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Kansas bill defies human rights

By Stedmond Perkins
On February 24, 2014

America can now make the claim that we are officially innovators of time travel. Kansas can testify to it. We went from 2014 to 1896, where Plessy v. Ferguson explicitly upheld state laws requiring racial segregation in public facilities.

According to CNN, the Kansas House of Representatives passed a bill allowing the refusal of service to same-sex couples on Feb. 12.

House Bill 2453 overtly states that "no individual or religious entity shall be required by any governmental entity to do any of the following, if it would be contrary to the sincerely held religious beliefs of the individual or religious entity regarding sex or gender ..."

Essentially, businesses will have the right to refuse services and accommodations to homosexual and lesbian couples. Legally, united couples' arrangements do not have the right to be treated as valid.

This sounds like discrimination to me. Article two of the Universal Declaration of Human Rights clarifies that everyone is entitled to all the rights and freedoms set forth. Under no circumstance shall anyone be turned away because of his or her sexual preference.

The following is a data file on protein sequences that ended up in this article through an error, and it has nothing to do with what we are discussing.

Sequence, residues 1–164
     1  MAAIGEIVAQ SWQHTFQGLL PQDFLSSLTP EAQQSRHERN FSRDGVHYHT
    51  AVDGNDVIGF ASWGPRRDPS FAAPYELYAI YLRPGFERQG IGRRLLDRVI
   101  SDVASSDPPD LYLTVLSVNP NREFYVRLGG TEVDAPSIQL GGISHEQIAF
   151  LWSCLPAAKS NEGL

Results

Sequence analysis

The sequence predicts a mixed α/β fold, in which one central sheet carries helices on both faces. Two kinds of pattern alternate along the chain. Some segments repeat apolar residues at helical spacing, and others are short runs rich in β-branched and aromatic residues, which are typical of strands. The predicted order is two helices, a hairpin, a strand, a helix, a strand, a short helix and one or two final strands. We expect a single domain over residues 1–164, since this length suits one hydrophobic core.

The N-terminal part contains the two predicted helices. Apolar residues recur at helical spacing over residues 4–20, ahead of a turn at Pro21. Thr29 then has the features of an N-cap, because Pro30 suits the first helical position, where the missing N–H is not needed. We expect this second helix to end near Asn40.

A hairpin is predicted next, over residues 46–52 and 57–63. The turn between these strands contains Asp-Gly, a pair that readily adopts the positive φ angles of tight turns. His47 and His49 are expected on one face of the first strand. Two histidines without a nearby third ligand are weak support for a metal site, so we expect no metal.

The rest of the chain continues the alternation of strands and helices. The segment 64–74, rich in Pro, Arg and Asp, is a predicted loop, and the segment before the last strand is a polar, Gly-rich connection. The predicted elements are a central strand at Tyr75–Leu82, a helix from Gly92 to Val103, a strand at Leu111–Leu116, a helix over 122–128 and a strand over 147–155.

This bill is unethical and unfair. Kansas is doing what Americans fought against in support of African-Americans to members of the lesbian, gay, bisexual and transgender community.

The bill was written in the format to support the religious perspective. It is implying that religious individuals and religious organizations are allowed to refuse service and try to provide another employee to provide that particular service. In the event that no one chooses to be of assistance, the employees will have to clarify that the service is provided by the business, but they won't be able to provide it due to the "hardship" it may have on the employer.

"Passing this bill reflects the genuine concern for all citizens without biasness," said Antorris Williams, a community activist in Tallahassee. "Supporting this bill reflects exactly how businesses are rooted in the ever-changing principles and virtues of mainstream America."

Dawn Maye, a senior music management student at Georgia Tech from Fort Lauderdale, doesn't agree with the bill.

"I think it's sad how the world is finding other ways to bring back segregation and inequality between human beings," Maye said. "Everybody should be treated equally."

I'm ecstatic that I do not live in Kansas because the phrase, "Sorry, I won't be able to assist you," will be unacceptable to me. I wouldn't support a business that doesn't appreciate my loyalty as a customer.

Perhaps there may be a boycott in Kansas soon if a business decides to use the bill as a crutch for discrimination.


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